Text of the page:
With the Nasdaq leaving no mercy for high-fliers, one analyst is making a big call on Netflix stock—$100 per share.
Netflix stock declined 5.18 percent Thursday, closing at $334.73 per share.
Despite a short-lived three-day rally, Netflix is underperforming the by nearly 8 percent this year. So has the streaming-movie provider dug its own grave?
"A hundred bucks, that's about right. That's a single-digit growth for maybe five or 10 more years, and that's how you get to $100," New Constructs CEO David Trainer told CNBC's "Fast Money" on Thursday. "And I think that's a fair expectation for a company that's completely boxed in now. They've got no competitive edge."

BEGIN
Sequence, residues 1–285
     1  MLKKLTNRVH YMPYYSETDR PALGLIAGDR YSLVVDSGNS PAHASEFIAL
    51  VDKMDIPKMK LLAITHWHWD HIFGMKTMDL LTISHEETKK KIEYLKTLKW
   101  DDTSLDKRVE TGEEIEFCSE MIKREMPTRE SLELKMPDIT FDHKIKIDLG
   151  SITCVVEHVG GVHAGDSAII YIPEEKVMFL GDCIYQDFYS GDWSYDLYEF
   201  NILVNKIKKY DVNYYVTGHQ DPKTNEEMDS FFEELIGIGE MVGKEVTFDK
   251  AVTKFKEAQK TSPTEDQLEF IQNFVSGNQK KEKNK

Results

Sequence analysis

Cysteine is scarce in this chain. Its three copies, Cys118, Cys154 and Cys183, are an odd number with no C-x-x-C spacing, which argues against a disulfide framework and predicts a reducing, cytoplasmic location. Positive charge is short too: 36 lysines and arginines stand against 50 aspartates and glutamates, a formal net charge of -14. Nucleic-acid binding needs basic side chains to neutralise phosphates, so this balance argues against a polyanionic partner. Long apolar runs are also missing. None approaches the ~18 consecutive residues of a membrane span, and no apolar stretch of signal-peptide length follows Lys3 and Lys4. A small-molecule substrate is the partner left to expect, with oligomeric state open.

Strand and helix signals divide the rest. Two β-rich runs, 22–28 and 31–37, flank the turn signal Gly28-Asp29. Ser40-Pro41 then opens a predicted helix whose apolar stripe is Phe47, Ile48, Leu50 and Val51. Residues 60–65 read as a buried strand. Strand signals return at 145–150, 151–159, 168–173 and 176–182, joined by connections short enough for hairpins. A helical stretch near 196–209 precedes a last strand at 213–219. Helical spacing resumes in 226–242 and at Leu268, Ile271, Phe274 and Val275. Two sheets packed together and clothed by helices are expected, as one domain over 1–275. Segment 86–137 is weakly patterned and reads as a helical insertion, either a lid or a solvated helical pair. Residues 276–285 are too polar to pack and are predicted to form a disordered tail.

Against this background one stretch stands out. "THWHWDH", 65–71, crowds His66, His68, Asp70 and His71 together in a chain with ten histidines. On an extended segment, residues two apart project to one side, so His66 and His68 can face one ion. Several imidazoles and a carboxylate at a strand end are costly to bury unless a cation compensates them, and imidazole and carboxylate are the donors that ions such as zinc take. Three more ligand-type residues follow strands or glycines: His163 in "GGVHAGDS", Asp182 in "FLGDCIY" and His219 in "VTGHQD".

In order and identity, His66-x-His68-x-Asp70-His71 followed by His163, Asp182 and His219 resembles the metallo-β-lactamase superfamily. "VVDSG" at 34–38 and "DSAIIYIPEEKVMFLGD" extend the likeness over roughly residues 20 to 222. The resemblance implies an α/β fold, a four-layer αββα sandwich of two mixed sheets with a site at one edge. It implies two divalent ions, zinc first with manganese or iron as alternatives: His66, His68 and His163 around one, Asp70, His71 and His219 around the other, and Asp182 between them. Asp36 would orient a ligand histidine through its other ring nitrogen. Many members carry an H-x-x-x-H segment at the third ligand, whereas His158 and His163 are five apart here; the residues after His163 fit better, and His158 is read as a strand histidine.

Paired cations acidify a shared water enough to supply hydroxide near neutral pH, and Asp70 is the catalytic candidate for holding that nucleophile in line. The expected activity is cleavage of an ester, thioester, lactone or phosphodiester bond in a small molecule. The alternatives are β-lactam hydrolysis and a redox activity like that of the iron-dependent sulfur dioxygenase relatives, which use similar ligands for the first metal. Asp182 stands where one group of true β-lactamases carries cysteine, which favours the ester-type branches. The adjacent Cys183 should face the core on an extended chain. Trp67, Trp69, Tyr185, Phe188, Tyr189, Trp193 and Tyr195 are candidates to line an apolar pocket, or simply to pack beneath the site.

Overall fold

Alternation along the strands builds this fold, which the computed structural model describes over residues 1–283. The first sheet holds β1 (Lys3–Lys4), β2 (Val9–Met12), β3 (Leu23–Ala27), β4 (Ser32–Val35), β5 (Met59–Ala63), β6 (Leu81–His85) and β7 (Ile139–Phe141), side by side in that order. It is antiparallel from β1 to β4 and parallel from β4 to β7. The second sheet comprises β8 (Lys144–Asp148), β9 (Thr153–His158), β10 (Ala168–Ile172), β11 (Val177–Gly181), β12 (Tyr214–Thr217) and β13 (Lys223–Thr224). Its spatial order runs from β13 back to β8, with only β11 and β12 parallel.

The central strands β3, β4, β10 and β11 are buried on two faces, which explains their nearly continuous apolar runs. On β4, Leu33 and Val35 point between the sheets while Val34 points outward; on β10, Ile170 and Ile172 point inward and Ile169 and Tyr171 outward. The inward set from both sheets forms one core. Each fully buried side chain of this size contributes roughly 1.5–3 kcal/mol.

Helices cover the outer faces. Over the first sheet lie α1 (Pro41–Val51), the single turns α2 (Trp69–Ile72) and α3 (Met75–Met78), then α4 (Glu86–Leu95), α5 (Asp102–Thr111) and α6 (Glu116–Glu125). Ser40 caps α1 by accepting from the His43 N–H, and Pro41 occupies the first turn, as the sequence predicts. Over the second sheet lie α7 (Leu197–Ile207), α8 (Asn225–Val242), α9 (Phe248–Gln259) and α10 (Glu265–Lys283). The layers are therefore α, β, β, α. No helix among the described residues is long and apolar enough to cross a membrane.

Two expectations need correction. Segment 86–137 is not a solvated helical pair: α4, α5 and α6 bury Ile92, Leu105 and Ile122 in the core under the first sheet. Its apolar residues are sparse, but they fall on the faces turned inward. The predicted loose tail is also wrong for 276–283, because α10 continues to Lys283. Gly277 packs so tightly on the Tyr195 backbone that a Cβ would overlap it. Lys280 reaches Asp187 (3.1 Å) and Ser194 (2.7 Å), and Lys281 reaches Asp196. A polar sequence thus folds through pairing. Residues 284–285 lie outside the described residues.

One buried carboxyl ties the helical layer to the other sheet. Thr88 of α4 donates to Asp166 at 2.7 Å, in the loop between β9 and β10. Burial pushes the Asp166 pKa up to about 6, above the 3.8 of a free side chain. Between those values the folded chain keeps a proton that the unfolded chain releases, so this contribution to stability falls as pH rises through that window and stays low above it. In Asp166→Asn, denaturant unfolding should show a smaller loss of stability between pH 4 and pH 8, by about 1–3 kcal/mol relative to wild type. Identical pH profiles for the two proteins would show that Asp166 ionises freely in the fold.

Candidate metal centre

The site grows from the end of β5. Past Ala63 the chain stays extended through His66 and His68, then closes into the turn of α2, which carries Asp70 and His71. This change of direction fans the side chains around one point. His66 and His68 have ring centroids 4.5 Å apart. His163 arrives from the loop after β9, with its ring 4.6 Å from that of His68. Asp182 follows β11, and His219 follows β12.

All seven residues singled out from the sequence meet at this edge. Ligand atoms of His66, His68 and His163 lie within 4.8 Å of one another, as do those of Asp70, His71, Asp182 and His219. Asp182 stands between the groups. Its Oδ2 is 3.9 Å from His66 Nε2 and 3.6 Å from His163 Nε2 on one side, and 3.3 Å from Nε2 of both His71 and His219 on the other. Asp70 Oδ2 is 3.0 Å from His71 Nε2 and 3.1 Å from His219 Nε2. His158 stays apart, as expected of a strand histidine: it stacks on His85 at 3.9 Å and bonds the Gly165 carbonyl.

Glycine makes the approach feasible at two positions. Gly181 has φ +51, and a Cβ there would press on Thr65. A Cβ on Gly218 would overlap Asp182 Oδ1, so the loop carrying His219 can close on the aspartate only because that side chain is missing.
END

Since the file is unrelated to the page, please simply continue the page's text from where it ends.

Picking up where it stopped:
Trainer, who is short Netflix stock, cited a broken business model, valuation and reversal in the momentum as key reasons to get short the name.
First, competitors are taking a bite out of Netflix's market share, he argued. As Yahoo and Amazon jump into the streaming scene, bidding wars for content will continue to heat up. In the past week, Yahoo announced plans to ramp up its online programming, and Amazon unveiled its Fire TV streaming media device.
A recent explosion into the space is all the more reason for investors to get out of dead money, Trainer said.
Secondly, momentum stocks trading at rich levels are the first to get hit, he added.
"Why pay for a service that has been equated to a public library. A middleman that stores content and streams it over the Internet," Trainer said. "Why should consumers pay for a service that's crowded with cheaper content providers? With that said, the glory days are behind it."
Finally, bulls lingering in the name base their thesis on one flaw: international growth, he said.
"Netflix is losing its competitive edge, losing pricing power domestically," Trainer noted.